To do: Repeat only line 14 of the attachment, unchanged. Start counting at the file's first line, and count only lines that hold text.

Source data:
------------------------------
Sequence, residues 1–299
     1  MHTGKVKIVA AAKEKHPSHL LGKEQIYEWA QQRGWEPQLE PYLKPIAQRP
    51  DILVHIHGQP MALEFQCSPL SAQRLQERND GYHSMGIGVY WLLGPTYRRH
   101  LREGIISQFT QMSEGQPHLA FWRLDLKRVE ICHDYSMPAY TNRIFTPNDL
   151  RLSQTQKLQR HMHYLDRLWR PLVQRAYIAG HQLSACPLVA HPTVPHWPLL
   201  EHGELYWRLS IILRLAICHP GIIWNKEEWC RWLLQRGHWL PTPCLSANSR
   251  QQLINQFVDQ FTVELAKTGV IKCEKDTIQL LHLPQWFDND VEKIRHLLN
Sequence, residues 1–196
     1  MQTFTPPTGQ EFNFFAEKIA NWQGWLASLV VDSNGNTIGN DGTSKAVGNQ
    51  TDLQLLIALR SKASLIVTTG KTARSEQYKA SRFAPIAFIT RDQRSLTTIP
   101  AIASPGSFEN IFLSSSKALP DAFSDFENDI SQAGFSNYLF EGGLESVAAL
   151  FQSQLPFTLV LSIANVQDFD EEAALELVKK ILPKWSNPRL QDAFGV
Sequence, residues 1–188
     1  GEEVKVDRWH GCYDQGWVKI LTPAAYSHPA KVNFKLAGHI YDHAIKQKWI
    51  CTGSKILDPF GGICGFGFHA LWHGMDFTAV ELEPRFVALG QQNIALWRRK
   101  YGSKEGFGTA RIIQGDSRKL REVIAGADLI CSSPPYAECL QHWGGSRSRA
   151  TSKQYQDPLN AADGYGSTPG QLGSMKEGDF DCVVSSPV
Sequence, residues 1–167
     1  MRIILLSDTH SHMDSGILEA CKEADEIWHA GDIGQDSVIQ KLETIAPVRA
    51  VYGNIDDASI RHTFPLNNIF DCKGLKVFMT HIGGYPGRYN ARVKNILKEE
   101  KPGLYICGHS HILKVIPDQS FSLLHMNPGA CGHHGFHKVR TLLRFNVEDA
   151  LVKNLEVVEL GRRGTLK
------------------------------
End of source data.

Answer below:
     1  GEEVKVDRWH GCYDQGWVKI LTPAAYSHPA KVNFKLAGHI YDHAIKQKWI